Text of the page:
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Claire Taylor


Based in Salt Lake City, UT, Claire Taylor is a freelance artist, illustrator and art teacher. She is currently an artist in residence at the Natural History Museum of Utah. She was formerly an artist in residence at the Utah Museum of Contemporary Art and has held teaching-artist residencies through the Utah Division of Arts and Museums. Her work has been commissioned by Utah-based organizations including the Salt Lake City Public Library, Ken Sanders Rare Books, Back of Beyond Books, the Sustainability Office at the University of Utah and Torrey House Press. She formerly worked as the Studio Manager, Instructor and Lead Printer at the Book Arts Program & Red Butte Press at the University of Utah. She holds a Master of Science in Environmental Humanities and a Bachelor of Fine Art with a printmaking emphasis from the University of Utah.


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Artist Statement

On June 17, 2015, I met a garter snake on the road of the Red Butte Research Natural Area.

I had been afraid of snakes—perhaps an evolutionary fear reinforced by childhood traumas. But there was familiarity in this snake’s eyes—they looked like my cat’s eyes. This shifted my fear to affection. As I sat next to the snake, I heard and felt heartbeats from the surroundings. Perhaps an audible hallucination. As it is with such experiences, there isn’t sufficient language to describe what the heartbeats felt like. Because memory renders intense experiences as cloudy as waking dreams, the best I can describe the moment is as a manifestation of a zeitgeist comprised of multiple species.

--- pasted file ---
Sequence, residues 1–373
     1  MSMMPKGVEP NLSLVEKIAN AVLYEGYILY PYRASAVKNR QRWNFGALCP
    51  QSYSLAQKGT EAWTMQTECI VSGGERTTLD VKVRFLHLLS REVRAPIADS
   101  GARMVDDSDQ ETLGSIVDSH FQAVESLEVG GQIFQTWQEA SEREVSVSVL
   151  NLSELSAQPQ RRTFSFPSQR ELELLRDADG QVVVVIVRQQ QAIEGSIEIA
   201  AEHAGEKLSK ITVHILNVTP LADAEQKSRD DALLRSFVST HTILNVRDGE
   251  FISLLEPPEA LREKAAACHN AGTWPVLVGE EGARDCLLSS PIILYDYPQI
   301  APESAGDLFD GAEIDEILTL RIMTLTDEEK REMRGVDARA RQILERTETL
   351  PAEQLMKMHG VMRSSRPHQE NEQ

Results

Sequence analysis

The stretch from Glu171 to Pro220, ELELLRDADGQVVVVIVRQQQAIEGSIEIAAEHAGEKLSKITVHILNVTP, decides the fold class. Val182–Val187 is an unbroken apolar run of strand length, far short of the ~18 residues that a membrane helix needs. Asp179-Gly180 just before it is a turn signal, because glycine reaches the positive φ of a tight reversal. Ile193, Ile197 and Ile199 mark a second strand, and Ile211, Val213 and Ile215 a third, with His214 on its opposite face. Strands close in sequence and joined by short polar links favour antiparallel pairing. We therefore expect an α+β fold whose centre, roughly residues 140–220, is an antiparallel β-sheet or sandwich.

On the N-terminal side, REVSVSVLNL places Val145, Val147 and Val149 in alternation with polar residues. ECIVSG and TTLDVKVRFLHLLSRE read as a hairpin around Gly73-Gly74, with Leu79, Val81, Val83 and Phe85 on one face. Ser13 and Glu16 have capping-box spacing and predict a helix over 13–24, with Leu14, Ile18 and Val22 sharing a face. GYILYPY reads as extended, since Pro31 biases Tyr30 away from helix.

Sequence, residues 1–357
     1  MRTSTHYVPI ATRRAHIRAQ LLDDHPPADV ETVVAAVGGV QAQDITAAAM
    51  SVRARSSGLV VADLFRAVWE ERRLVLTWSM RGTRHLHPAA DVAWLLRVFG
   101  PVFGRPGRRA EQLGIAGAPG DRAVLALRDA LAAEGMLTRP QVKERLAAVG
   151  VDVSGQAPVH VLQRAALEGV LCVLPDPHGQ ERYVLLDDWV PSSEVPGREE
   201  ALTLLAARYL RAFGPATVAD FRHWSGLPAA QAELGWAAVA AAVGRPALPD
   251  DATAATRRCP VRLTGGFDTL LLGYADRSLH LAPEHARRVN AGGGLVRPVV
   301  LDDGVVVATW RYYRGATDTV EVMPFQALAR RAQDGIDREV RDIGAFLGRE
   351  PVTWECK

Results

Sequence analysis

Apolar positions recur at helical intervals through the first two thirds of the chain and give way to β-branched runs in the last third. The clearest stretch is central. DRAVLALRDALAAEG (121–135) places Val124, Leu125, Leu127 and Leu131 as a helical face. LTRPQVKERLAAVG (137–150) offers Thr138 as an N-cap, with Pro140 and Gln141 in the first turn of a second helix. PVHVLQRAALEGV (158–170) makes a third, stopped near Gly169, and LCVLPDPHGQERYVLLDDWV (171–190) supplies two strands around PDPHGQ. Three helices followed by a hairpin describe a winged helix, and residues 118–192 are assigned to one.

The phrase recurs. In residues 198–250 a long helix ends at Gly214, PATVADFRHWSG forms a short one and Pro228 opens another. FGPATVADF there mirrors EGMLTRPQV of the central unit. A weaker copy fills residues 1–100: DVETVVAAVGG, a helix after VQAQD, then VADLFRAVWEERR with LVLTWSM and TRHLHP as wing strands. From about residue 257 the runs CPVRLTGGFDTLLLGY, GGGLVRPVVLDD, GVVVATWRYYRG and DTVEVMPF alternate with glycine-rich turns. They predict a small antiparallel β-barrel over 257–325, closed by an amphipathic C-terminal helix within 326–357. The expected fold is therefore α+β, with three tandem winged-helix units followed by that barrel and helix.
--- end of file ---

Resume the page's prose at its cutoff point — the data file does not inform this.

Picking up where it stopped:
My work is informed by my ineffable experiences with what humans refer to as “the natural world”—a named distinction for wildlife and landscapes. Through multiple mediums (watercolor, gouache, colored pencil, letterpress printed linoleum relief blocks, and artist books that include my own creative nonfiction and poetry), I invite the viewer to see themselves as participants in ecosystems and zeitgeists often seen as separate from human. I use these mediums to create a visual language where there is no sufficient verbal language.